They were reopened by the Russians in the last century at the W. end of the range; but of late attention has been given almost wholly to the washing of detritus brought down by the Irtish, Obi, Yeni-sei, and other rivers, whose sands are rich in gold. The product of the other ores is notim-portant. The diminished production of silver being ascribed to the exhaustion of the mines, investigations were instituted by Professor B. von Cotta at the instance of the czar (1858), and resulted in the publication of his geological and mineralogical work on the Altai (Leipsic, 1871). The scenery is grand, especially among the stupendous rocks and glaciers in the heart of the mountains, on the banks of the Katun-ya. The two pillars of the Katunya are the highest peaks of the Altai, rising to nearly 13,000 ft. The short summer is excessively hot. The extreme cold of the winter is made salutary by the clearness of the atmosphere. In the forests are birch, alder, aspen, acacia, willow, larch, fir, and Siberian stone pine trees. The dried leaves of the saxifraga crassifolia, used as a substitute for tea, are gathered in the Tchernaya mountain. The animals of the Al-tai region are bears, wolves, foxes, lynxes, mountain hares, wild sheep and boars, wild goats, musimons, and occasionally tigers.

Yen-omous serpents are found in the valleys. The best furs are obtained from black-skinned sables, as well as from martens and from the kulonok (mustela Sibirica). A marmot pecu-liar to the Altai haunts the snow. There are otters, beavers, musk deer, numerous elks, large stags, and red deer. The most remarkable bird is the mountain swallow (hirundo alpestris or Daurica). Among the fishes are red and other salmon, eel pouts, pike, sterlet, and i sturgeons; great numbers of the last are used for the manufacture of isinglass and caviare. There are excellent horses, fat-tailed sheep, and a few camels. Game, poultry, and bees abound. Mosquitoes are numerous in summer, especially in the lowlands. Most of the cereals are successfully cultivated, and even melons in the W. part. - The inhabitants of the Altai consist chiefly of white Kalmucks or Teleuts in the east, near Lake Teletzkoi, and the nomadic mountaineer Kalmucks in the southeast. They are governed by native chiefs, the Russian govern-ment interfering little with them excepting for the collection of the tribute of furs, to which even some of the tribes living beyond Rus-sian jurisdiction are made amenable.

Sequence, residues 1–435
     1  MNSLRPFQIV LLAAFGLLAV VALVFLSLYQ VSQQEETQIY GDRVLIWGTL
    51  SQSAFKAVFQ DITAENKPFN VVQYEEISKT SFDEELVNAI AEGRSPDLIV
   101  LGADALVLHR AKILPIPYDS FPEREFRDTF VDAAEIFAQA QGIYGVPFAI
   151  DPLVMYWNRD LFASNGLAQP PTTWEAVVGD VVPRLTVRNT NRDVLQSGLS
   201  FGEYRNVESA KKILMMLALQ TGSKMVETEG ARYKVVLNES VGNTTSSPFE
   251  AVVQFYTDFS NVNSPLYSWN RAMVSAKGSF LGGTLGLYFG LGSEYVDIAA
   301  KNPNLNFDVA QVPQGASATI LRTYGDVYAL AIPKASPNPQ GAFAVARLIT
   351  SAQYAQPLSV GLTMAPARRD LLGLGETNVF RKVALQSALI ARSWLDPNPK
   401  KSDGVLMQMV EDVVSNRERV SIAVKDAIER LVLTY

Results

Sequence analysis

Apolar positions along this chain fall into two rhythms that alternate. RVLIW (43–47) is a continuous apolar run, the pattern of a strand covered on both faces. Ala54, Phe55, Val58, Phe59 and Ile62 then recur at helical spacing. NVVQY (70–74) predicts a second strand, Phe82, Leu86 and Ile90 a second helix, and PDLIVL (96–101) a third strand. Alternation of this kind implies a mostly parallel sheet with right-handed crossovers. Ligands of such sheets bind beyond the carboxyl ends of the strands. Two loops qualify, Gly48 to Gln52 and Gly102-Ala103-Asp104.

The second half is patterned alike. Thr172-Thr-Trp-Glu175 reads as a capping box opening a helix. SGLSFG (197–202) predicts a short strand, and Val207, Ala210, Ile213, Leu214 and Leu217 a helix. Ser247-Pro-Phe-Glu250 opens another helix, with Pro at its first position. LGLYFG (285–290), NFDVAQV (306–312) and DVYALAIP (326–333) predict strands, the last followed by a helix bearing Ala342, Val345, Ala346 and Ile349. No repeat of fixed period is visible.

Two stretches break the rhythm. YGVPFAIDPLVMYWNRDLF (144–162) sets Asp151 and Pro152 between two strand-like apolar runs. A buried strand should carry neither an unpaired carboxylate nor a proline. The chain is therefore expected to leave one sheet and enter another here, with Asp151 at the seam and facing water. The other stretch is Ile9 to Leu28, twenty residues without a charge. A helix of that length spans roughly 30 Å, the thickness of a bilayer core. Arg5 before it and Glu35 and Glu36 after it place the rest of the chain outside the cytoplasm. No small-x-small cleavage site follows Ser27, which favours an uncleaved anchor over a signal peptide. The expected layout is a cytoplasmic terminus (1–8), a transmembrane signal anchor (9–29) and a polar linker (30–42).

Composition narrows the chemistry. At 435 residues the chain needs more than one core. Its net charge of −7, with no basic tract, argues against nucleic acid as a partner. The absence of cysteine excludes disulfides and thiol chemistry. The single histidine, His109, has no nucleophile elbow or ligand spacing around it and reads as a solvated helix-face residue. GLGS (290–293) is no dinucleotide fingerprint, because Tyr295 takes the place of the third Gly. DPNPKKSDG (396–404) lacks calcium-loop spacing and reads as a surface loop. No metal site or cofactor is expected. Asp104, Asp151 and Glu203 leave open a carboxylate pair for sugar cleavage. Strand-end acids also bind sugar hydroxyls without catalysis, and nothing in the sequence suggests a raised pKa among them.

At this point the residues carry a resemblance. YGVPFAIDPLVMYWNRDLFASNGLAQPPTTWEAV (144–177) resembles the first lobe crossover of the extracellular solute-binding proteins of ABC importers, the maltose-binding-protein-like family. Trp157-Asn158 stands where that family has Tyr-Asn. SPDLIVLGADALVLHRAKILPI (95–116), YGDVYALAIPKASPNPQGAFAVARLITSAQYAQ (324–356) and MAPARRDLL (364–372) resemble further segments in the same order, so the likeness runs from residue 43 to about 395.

Except-ing the peasantry on the north and northwest, chiefly descendants of fugitive Russian serfs, who belong to the orthodox church, and a few tribes of Mohammedan descent, the great bulk of the Altai population are pagans worshipping in temples. Carsten's "Ethnological Lectures on the Altai" (St. Petersburg, 1851) divides the Altai nationalities and languages into Tungusian, Mongolian, Tartar, Finnish, and Samoyed groups, subdivided into various branches, with different vernaculars. Peddlers from the provinces of Moscow and Vladimir periodically visit the Altai, and the great route of travel between St. Petersburg and Peking crosses the range near Lake Baikal, Kiakhta being the Russian frontier town and Maimatchin the Chinese. The Chinese Altai territory, which is little known, is chiefly situated east of the upper Bukhtarme and Lake Dzaizang. The settled Russian Altai region is mainly comprised in the district of Kolyvan Voskresenski, the Russian designation of the mining region of the province of Tomsk, western Siberia, and which includes, besides the S. part of a district of the same name, the districts of Kolyvan, Barnaul, Kuznetzk, and Biisk; area, over 13,000 sq. m.; pop. 350,000.